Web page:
I’m sorry for raising my voice.

A couple of weekends ago, the Fulbright Program sponsored my cohort to a weekend getaway to Ninh Bình. It was honestly a nice break from the usual routine we all had going on: wake up (late) every morning for breakfast, spend a few hours learning Vietnamese, eat lunch for an hour, and spend the last few hours learning Teaching English as a Foreign Language (TEFL) lessons. During our little getaway, though, I was prompted—or rather, reminded—to think about the space I/we occupied (shout out to MJ!).

Honk!

Ding! Ding!

Honk!

We woke up early Sunday morning to bike through Van Long Nature Reserve. We rode along a narrow path with rice fields on one side of our periphery and a mountain range on the other. As we rode in a crooked line behind our tour guide, cars, motorbikes, and bicycles veered past us, honking and dinging. They all carried a similar expression on their tan, brown faces. They looked…unamused. Irritated, almost. A bit bothered. We continued riding, nonetheless, passing more locals, and water buffalos, and cows, and calves, and trees, and mountains, and open fields. We stopped only for photo ops.

“What’d you think of the tour?” MJ asked as we neared the end of early morning bike ride.

“Interesting? I don’t know,” I answered.

“Me, too. ‘Interesting,'” they replied. “But I also feel weird. We’re disrupting people’s way of life for pictures and tours. We got honked at a lot earlier, and that kinda just reminded me that this isn’t really our place to be.”

MJ and I discussed further. We shared our thoughts on global tourism and the contradictory, hypocritical attitudes of many Westerners (ourselves included), who feel entitled to explore and take pictures of all the ~exotic places we visit, yet we fail to get off our high horses when international tourists, especially non-white tourists, occupy our spaces. For example, I thought about all of the Chinese tour groups who visited my college campus. They would clutch onto their 3-feet long selfie sticks, pose with Korean hearts, pressing their index fingers and thumbs together, and flock around in their matching outfits. They were captivated by all the mundane things I saw every day: wooden benches, statues of old white men, skyscrapers, squirrels. I gave so many side-eyes my forehead wrinkled. My surroundings were being constantly subjected to photographs and scrutiny. It was a bit intrusive. I never really spoke up or questioned their presence either because I knew, realistically, that I was not entitled to the physical space around me. To challenge their presence would be uncalled for. Instead, I opted for soft groans and scoffs.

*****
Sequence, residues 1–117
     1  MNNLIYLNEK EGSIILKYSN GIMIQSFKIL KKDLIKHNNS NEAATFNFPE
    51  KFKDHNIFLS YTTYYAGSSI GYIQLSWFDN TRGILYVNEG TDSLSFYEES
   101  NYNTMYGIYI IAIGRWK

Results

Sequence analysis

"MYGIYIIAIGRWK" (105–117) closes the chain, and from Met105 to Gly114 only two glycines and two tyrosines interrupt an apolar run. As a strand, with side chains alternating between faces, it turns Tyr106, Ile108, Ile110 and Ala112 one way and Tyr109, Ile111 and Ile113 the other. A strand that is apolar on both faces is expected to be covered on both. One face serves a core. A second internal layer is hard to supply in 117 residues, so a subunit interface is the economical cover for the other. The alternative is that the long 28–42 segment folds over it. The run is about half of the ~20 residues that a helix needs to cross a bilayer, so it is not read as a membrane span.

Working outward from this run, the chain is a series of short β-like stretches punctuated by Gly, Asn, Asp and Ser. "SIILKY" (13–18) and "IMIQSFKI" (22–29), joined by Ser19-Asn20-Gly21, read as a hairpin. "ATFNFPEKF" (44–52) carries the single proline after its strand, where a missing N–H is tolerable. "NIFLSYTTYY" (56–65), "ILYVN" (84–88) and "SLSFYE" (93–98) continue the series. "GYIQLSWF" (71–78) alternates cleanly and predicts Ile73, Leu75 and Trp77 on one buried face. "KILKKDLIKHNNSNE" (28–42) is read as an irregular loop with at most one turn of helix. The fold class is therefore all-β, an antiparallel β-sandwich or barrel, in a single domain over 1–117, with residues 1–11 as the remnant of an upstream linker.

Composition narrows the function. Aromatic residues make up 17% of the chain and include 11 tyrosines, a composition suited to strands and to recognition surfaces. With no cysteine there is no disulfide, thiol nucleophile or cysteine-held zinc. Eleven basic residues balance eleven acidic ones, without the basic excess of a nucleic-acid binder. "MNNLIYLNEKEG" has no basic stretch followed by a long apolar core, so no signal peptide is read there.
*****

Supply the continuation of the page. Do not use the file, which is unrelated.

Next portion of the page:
But then there I was, in Ninh Bình, more than 9000 miles away from my campus, with fifteen other loud, obnoxious Americans. Hypocrisy leaked from our moist, sticky skin. We were holding up traffic on a narrow road to gasp and shriek and take pictures of everything around us. We posed unapologetically, our backdrops capturing the tall mountains hidden behind the clouds, overlooking field workers and fishermen and women. Honk honk! We also shouted at each other, our voices louder than the vehicles speeding beside us. We wanted to make sense of ourselves and the space around us. The humidity, already heavy with Vietnamese chatter, was met with our American tongues. Our languages, foreign and native, entangled.

I didn’t think twice about our American-ness, our bluntness, our disturbance. Our touristy behavior was an act of disrespect—one I regret not being more cognizant about in the moment. MJ prompted me to reflect on the nature of my/our presence in not only Ninh Bình but also Việt Nam. As a Vietnamese American (or Việt Kiều) living in this country for the next year, I am (and am not) a foreigner in many aspects. But one thing is for sure: I am a guest. We are guestsAnd my mama would smack me upside the head if she knew I disrespected my hosts in any way.

Moving forward, I hope to be much more mindful and respectful of the spaces I take up. But what does that mean? What do mindfulness and respect look like in this context? I’ve interpreted this to mean a number of different things, and these interpretations will continue to evolve as I further my time here in Việt Nam or elsewhere, but for now, I suppose it to means to check my (American) privilege in all that I do and say.

And I urge my fellow Americans traveling abroad for whatever purpose to do the same as well. Check your privilege.


Ninh Bình Province | Photo Credit: David Thai (2018)

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